As I write this, I’ve just finished “Words of Radiance” by Brandon Sanderson. I read the first of this series not long after its release and absolutely loved it, so I’ve been eagerly awaiting the second installation. I thought therefore, that I’d write this post partly as a book review, and partly as a discussion of my thoughts on how a writer keeps their readers flipping the pages.
I have to say that I loved this book! It was so good that I couldn’t wait to get to the finish to find out what happened, while simultaneously wishing for it never to end. One of the things that kept me so enthralled was the multiple subplots. Although this book was very much Shallan’s story, it still followed the other major characters in a very satisfying way. It also introduced several more minor characters in the form of interludes.
The story begins almost immediately after the conclusion in The Way of Kings. If you haven’t read the first book, then this is not the place to leap into the story – you most definitely need to start with Book One.
It’s a fascinating tale, and there’s very obviously lots more of the story still to come, so now I’m starting the wait for the next volume. When you become invested in a series, the waiting time between volumes is always a funny kind of time. If, like myself, you’re a re-reader, then there’s lots to fill in the time. In addition to reading other books of course, you can re-read the parts of the series you already have, and recently, I’ve discovered that if you get them in audiobook format, you can listen to them and pick up nuances that you didn’t realise you’d missed when you read the story the first/second/third times.
This story kept me enthralled from the first page to the last one. Several times as I read, I felt myself wishing to knock a few of the characters’ heads together. I was also pleased to discover that a couple of hints I’d picked up while jogging to the audiobook of “The Way of Kings” panned out almost as I’d thought might happened. (It’s always a good moment when you go “Yes! I was right!” but are still surprised by just how it all came together in the end.)
The reading of this book was enhanced by the lovely artwork contained in its pages. Shallan is an artist, and many of her drawings have been beautifully depicted as part of the book. Even on my kindle, they were well imaged and clear. I’ve been a fan of Brandon Sanderson’s world building for some time now, but Roshar is probably the most well realised so far. The thought that has gone into its ecology and structure is just amazing, and those pictures and maps were just fabulous.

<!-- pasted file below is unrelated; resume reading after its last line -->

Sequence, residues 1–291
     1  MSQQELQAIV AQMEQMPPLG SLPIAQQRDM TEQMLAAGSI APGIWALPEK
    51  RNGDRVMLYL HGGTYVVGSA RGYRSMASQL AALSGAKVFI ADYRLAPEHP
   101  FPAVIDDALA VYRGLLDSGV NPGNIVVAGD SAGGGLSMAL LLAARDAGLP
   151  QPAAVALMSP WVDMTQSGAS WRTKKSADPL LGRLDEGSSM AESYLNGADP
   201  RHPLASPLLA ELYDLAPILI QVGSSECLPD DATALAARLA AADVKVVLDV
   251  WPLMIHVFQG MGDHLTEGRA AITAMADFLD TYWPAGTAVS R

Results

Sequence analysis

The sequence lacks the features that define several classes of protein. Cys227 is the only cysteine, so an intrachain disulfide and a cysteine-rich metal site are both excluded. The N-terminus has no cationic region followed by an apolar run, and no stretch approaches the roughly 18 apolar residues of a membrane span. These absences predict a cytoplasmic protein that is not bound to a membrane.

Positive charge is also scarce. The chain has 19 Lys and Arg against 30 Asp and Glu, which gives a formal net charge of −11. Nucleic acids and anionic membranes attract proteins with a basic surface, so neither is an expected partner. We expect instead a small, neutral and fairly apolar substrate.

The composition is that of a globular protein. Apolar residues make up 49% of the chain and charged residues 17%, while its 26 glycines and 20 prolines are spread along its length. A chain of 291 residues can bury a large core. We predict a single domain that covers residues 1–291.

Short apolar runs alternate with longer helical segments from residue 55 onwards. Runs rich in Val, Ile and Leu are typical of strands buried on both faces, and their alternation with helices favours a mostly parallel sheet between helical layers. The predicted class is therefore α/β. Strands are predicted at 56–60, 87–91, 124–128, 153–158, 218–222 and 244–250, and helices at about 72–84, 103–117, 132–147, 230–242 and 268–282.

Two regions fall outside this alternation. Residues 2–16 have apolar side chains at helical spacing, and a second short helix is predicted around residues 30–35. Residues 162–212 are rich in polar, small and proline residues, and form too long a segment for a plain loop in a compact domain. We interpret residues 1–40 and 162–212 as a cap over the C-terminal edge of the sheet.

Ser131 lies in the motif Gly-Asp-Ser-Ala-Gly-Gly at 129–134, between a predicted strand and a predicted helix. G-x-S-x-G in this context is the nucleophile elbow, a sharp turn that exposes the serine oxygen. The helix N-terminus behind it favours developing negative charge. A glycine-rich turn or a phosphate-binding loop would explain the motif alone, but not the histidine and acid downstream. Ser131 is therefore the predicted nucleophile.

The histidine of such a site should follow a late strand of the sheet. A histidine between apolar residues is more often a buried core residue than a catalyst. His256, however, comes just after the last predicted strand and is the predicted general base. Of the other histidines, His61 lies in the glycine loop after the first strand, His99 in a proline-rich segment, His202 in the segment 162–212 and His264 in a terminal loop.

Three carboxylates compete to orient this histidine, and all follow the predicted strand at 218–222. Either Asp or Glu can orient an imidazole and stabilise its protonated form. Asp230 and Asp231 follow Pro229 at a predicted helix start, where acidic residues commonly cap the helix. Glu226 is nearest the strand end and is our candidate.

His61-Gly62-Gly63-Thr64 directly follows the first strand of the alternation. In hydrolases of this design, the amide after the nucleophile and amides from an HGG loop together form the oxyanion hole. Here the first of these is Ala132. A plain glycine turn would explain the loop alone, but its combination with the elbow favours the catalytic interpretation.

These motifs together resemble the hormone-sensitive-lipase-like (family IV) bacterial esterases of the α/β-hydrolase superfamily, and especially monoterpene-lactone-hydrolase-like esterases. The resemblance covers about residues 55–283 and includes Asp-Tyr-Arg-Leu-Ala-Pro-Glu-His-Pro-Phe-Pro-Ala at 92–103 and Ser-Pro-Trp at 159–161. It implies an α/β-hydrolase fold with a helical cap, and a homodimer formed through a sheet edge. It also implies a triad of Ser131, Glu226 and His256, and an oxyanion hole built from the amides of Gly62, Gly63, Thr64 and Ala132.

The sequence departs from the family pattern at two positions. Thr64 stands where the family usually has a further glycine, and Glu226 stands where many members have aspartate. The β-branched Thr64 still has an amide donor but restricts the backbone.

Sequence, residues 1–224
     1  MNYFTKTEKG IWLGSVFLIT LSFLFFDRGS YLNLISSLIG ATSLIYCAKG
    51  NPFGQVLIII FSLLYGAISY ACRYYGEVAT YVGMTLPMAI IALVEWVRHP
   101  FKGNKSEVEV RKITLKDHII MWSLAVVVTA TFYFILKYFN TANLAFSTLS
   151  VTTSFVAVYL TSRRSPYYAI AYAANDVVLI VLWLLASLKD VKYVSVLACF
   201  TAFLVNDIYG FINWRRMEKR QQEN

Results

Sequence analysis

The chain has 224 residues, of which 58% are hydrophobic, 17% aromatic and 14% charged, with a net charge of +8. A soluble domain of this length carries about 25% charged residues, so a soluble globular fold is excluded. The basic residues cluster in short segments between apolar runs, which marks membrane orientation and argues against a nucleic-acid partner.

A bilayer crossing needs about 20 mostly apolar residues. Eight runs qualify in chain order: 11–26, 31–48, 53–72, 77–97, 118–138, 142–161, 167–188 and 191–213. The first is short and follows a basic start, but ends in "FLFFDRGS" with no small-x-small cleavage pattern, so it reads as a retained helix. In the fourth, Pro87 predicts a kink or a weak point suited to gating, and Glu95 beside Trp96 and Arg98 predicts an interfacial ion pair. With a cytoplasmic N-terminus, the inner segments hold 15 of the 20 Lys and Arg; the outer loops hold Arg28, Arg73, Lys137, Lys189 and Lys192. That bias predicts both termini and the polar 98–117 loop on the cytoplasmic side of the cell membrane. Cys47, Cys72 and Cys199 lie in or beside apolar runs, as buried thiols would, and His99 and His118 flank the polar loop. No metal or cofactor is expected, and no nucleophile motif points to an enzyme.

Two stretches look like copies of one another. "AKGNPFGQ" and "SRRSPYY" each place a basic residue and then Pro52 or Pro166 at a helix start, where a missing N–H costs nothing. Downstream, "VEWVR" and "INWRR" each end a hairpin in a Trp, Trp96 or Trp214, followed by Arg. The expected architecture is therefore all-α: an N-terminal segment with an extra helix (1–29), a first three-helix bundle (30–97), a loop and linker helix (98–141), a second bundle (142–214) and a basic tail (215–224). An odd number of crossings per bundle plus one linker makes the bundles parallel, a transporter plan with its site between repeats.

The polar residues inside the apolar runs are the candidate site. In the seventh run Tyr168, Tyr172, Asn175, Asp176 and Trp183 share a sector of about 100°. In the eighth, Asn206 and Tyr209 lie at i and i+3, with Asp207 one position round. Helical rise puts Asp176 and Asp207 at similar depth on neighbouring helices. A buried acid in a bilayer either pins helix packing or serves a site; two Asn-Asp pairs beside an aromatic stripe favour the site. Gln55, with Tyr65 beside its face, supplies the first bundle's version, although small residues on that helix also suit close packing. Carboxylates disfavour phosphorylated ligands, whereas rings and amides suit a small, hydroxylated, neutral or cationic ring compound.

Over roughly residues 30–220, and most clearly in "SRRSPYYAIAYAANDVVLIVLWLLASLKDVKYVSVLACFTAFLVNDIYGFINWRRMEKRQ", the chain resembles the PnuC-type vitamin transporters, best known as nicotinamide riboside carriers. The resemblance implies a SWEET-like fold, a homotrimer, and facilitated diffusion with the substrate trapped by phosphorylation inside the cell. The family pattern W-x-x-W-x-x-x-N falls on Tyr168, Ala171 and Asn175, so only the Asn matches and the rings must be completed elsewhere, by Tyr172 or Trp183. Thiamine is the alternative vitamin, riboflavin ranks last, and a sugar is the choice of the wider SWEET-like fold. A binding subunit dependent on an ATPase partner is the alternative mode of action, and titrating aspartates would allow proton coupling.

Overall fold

If you’re a fan of Brandon Sanderson’s, you’ll be, at the very least, intrigued by a few of the revelations at the end of the book. If I didn’t have a book of my own to finish writing, I’d be tempted to go and do a little more reference reading. No more on this, because….spoilers….
So, how do you keep your readers enthralled? You keep your characters in jeopardy – physical, moral, ethical jeopardy, and you devise a plot so cunning, so clever and so intriguing that your readers can’t wait to flip the pages and devour it. In addition, you need something special, something that sets your story apart, something so special your readers desperately want to have it for themselves.
Words of Radiance has spren, and stormlight. If I think of some of my other favourites, I’m reminded of Narnia, dragons, firelizards, the gift of music, The Luggage and various types of magery, honour and courage.
So getting on to the question in the title of this post again, I think it has a lot to do with pacing, plot, and characters who leap off the pages. The characters need to more than just “good” or “bad” and need to be real in their responses to the world around them. I’m hoping that my starcats are part of the “something special” that readers might learn to love.
If you write speculative fiction in any of its shapes and forms, you also need to be a world builder. The world itself needs to be a significant part of the story that lives and moves around the characters in a completely believable way.
I’m currently at the point in my story where I need to tie all of the pieces together in a finale that not only reveals all, but is fast paced enough to be enthralling and satisfying and emotional and cohesive. It’s a challenge. But it’s a challenge that I’m hoping will satisfy my readers (and my publisher!) and make them feel as if they’ve been clever, but still surprise them enough to pack a punch. Some days when I’m writing I feel as if I’m balancing on a tightrope over Niagara Falls, hoping desperately not to fall, but still not wanting the security of a predictable safety net.
If you’re a writer, I’d love to hear your thoughts about how you tie in all your plot lines to enthrall your readers, and if you’re a reader and you’ve read Words of Radiance, I’d love to hear whether you were as enthralled as I was!